As the capital of Turkey, Ankara is known as the calmer and more organised bureaucratic sibling to Istanbul. For tourists, the city has plenty to do and plenty of excellent hotels. We’ve rounded up some of the best – bookable on Culture Trip.
Want to explore Turkey’s vibrant bazaars and rocky valleys? Book Culture Trip’s 12-day group tour where you’ll stop at key historical sites and glide across the landscape in a hot-air balloon.
South of the city centre in the Çankaya neighbourhood near Kuğulu Park, this Hilton high-rise is fused to a long elevated greenhouse-like building incorporating a restaurant, a lobby lounge, a gym and a 750-guest ballroom. The four-lane indoor pool features a glass-canopy roof and floor-to-ceiling windows facing a semi-circular terrace. While the big-window rooms and suites are sober and sensible, rather more interesting design percolates the public areas, from the elaborate cage latticework in the lounge to the suspended hoop-lights in the restaurant.
Barely a stone’s throw from the Museum of Anatolian Civilizations, this 17th-century former caravanserai (inn with a courtyard) with a himis (traditional timber frame) construction has been meticulously converted into an upscale hotel. Even with a courtyard now covered with a steel-framed glass roof, the heritage fabric has been skilfully retained while incorporating modern amenities. That courtyard now features a small atmospheric lounge alongside a decorative water pool, while compact yet elegant rooms are beautifully appointed with vintage-style furniture, rugs and lamps, some with portraits of Chinese Manchu nobles and Ming-style vases.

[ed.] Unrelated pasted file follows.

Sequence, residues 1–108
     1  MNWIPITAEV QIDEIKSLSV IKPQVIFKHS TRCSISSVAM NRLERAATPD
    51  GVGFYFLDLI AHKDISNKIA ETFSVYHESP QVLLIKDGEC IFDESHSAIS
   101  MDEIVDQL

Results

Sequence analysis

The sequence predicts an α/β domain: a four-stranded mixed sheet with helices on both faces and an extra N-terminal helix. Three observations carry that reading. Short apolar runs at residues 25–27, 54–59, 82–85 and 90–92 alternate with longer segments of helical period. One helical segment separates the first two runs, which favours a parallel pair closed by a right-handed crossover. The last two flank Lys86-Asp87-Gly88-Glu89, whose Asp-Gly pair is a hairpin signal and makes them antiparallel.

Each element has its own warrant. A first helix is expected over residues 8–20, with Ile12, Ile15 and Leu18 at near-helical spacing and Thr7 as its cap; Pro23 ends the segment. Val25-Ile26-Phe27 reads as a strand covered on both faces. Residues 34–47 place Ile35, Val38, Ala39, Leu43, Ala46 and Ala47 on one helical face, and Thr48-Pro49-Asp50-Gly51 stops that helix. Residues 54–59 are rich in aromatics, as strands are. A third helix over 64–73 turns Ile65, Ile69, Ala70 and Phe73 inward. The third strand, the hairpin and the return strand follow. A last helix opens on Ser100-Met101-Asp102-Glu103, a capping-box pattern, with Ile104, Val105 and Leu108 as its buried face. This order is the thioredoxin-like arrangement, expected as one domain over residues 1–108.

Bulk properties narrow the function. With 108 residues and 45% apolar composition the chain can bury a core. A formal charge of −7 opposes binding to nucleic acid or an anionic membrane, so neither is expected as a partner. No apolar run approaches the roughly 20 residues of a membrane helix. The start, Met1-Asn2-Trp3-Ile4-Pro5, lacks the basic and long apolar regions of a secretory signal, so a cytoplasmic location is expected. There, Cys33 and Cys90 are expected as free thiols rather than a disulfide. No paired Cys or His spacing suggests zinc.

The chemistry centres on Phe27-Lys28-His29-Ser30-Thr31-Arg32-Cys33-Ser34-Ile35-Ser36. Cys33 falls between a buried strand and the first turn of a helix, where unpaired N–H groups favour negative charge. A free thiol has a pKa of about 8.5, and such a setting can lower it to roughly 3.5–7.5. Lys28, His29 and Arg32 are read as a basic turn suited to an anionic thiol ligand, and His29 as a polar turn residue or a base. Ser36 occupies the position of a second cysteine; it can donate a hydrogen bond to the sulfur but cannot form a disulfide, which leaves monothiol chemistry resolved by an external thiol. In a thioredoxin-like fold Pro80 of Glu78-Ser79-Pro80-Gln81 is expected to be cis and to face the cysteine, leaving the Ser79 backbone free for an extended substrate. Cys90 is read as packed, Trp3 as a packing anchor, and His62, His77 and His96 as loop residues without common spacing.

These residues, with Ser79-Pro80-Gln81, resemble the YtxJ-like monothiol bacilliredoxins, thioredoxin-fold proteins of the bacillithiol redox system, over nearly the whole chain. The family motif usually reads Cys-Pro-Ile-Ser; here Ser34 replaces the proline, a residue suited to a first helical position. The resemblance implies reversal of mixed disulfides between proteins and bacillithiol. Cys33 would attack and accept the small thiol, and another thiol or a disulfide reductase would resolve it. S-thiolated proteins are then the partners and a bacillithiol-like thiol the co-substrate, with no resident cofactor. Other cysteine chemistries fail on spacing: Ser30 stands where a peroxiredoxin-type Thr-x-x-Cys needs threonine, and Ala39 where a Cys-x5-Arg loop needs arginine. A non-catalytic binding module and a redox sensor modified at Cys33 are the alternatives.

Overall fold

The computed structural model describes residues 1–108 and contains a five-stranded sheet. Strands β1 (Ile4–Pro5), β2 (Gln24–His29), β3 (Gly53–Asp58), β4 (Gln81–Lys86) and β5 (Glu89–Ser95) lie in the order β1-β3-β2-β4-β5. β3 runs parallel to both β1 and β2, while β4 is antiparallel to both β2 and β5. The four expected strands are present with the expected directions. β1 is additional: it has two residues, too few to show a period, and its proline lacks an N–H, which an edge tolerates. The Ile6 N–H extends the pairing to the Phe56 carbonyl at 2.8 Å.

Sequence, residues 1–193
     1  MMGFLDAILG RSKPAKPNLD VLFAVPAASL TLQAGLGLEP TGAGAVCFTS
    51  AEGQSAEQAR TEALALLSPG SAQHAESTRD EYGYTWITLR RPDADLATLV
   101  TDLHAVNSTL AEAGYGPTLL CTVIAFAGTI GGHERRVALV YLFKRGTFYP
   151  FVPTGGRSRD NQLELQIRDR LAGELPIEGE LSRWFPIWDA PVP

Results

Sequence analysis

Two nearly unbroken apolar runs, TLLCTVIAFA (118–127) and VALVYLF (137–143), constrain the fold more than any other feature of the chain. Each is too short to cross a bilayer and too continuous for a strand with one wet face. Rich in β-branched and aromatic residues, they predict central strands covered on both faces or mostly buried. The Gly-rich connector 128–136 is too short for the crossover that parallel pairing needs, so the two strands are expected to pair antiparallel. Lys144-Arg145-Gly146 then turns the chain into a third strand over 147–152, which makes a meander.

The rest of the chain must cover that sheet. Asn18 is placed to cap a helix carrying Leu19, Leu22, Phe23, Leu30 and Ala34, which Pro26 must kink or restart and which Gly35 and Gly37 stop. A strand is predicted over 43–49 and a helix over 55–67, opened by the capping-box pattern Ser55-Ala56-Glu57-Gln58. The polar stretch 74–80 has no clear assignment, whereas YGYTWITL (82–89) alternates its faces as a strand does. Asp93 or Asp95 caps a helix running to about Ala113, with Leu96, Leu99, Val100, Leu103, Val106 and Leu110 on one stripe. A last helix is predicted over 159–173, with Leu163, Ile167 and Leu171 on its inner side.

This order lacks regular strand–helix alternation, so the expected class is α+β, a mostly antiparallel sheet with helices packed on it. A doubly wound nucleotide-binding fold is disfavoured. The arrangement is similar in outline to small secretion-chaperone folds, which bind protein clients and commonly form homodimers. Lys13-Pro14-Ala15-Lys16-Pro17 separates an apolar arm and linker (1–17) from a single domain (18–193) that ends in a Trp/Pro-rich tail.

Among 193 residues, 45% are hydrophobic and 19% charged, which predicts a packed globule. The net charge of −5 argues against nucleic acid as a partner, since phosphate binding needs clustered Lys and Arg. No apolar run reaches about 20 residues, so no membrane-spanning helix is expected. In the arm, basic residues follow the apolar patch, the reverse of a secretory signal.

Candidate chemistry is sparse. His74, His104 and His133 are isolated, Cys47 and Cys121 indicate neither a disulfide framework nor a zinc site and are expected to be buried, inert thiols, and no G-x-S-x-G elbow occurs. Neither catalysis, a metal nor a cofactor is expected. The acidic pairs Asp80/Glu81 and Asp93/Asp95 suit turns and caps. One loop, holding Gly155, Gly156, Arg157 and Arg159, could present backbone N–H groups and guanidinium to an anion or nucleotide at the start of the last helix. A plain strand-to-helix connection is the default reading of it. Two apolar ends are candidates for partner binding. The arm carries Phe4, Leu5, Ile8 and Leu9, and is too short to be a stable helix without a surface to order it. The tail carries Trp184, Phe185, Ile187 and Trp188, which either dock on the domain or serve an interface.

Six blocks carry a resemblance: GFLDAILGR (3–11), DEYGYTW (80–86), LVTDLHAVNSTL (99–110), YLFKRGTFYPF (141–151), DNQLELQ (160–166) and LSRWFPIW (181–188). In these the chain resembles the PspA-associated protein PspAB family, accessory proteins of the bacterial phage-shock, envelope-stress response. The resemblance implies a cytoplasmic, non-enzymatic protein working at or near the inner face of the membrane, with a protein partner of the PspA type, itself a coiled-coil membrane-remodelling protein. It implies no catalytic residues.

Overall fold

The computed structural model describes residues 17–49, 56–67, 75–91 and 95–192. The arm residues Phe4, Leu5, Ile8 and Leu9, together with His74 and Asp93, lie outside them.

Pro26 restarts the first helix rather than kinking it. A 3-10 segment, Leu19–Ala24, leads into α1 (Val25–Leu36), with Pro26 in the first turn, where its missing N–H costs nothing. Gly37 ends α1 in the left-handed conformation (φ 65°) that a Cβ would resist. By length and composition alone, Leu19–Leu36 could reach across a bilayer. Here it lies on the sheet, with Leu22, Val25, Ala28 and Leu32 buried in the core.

Facing Kurtuluş Park in downtown Ankara, this nine-storey edifice is rather fetching at night with vertical two-tone spotlighting. The public interiors are interesting with timber detailing from floor to ceiling and a white baby grand piano in the Park Restaurant. Straightforward rooms have a modern, almost Scandinavian feel with blue armchairs and attractive olive-and-turquoise bedspreads. The Aria spa specialises in massages, from Swedish to reflexology and mechanical G5 devices.
The part-brick, part-neoclassical facade of the Gordion wouldn’t look out of place in Europe, but here, the thrust of the polished elegant interiors is a distinctly Ottoman-meets-European style. Vintage handmade furniture, oak panelling, Turkish Vakko textiles, Italian wallpaper, framed lithographs of nobles and sultans, and display cases of military medals lend shape, texture and colour. The conservatory restaurant seems relatively plain in comparison, even though there’s a ceiling mural of a map depicting the Mediterranean region from the Black Sea to the Atlantic.
Near the Karum Mall in the Çankaya neighbourhood, the Lugal, with a contemporary sheen and modern rooms with floor-to-ceiling windows and natural wood furniture, lends a sleek glossy atmosphere. The highly regarded Aruni restaurant features an eclectic menu of mainly Anatolian dishes, some rather obscure. Unless you’re vegetarian, it’s worth making a beeline for items such as the King Midas lamb with plum sauce – much more affordable than it sounds – or goose casserole, both cooked in wood-fired ovens.